Mr. Sturgis is a free-lance writer and railroad buff who lives in New York City. Among his sources for this article were The First Transcontinental Railroad , by John D. Galloway (Simmons-Boardman, 1950); The Big Four , by Oscar Lewis (Knopf, 1938); The Story
Boyd B. Stutler is a newspaperman who for 18 years was managing editor of the American Legion Magazine . He has followed the John Brown theme for 40 years and is now working on a biography. He lives in Charleston, W. Va.
William Clark Styron, Jr. (1925 – 2006) was an American novelist and essayist who won major literary awards for his work.For much of his career, Styron was best known for his novels, including: Lie Down in Darkness (1951), his acclaimed first novel, published at age 26; The Confessions of Nat Turner (1967); Sophie's Choice (1979), Styron's influence deepened and his re
Until her death in 1960, Ruth Suckow was a distinguished regional writer, and many of her plots and characters have their roots in her native Iowa. Her first novel was Country People, published in 1924, and over the next thirty-five years there followed The Odyssey of a Nice Girl, The Bonney Family, The Folks, and several collections of short stories. T
Richard M. Sudhalter is jazz critic for the New York Post , author of Bix: Man and Legend , and a respected cornetist.
Mark Sufrin is a free-lance writer who has also directed film documentaries and been a motion-picture critic and lecturer.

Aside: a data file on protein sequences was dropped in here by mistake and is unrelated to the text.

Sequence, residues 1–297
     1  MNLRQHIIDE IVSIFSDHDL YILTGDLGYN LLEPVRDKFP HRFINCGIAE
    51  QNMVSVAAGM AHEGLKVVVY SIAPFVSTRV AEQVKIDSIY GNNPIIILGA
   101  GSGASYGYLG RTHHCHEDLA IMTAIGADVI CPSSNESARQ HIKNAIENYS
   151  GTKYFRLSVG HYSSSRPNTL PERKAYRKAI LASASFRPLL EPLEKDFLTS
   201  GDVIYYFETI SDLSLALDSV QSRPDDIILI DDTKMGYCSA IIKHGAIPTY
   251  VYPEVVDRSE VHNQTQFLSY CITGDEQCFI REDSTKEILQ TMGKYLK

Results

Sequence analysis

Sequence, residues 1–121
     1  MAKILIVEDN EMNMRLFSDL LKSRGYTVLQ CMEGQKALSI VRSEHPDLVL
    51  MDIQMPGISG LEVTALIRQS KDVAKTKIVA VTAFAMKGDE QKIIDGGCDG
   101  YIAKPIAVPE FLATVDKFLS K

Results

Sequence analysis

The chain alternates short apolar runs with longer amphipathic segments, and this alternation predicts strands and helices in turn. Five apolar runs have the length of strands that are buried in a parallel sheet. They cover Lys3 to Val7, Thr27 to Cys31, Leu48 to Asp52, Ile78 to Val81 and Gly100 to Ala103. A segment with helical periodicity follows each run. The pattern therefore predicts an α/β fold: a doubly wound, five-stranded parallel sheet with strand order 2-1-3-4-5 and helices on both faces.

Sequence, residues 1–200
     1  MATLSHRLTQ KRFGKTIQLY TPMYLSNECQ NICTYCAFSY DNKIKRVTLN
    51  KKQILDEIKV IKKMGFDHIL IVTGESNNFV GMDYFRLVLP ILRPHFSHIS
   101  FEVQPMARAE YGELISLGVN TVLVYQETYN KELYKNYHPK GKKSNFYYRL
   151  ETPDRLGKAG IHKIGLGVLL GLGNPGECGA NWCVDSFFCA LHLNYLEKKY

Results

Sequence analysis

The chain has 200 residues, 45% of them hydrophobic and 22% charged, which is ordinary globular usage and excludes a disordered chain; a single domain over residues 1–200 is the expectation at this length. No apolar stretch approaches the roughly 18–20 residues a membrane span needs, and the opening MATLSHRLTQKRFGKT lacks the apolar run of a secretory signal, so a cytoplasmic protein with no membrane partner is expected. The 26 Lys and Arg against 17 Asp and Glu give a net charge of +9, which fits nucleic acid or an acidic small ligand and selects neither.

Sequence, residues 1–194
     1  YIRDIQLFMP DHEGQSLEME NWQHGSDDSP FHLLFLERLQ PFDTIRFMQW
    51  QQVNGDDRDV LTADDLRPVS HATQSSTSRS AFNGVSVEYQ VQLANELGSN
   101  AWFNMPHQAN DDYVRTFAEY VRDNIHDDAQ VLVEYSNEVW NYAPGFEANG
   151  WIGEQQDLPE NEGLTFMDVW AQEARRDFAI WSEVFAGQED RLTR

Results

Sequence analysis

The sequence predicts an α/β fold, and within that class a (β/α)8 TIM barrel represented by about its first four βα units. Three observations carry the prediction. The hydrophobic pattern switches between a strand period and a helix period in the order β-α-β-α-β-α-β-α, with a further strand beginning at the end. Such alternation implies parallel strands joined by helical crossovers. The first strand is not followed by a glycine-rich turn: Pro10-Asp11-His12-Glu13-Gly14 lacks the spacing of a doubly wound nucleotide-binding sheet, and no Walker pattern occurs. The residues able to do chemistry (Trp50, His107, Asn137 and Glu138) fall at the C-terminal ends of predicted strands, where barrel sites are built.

Mr. Sugg, who is a leading authority on the works of John Faulkner, lives in Memphis, Tennessee, the metropolis nearest to Faulkner’s Mississippi hill country. It was with his cooperation, and with the kind permission of Mrs. John Faulkner, that the selection from Faulkner’s paintings on this and the following pages was made. With the exception of t
Mr. Sullivan, the distinguished science editor of the New York Times , has won many awards for his own writing on science.
Langdon Sully is the grandson of Alfred Sully. The letters and paintings included here belong to him and his brothers, Thomas, Robert, and Lealie
Col. Harry G. Summers, Jr., an infantry veteran of the Korean and Vietnam wars, is now on the faculty of the U.S. Army War College. He is the author of On Strategy: A Critical Analysis of the Vietnam War .
After a career in radio and television and as a professor of broadcasting, Tom Swafford is now retired and lives in Asheville, North Carolina.
A native of Illinois, Martha Swain has been a free lance writer in New York for several years and is now on the staff of the Office of Information Services at New York University
Jon Swan is an American poet, playwright, librettist, journalist, and editor. He studied at Oberlin College, from which he graduated with a degree in English in 1950. In the 1950s, he taught at the Ecole d'Humanite in Switzerland, worked for the American Friends Service Committee, and received a Master's Degree in English from Boston University. During the 1970s, he worked as a translator, from Du
W. A. Swanberg has written highly acclaimed biographies of two American journalists, William Randolph Hearst and Joseph Pulitzer, and is now at work on a third, on the late Henry Luce of Time, Inc. A major souce for this article was They Came to Kill , by Eugene, Rachlis (Random House, 1961).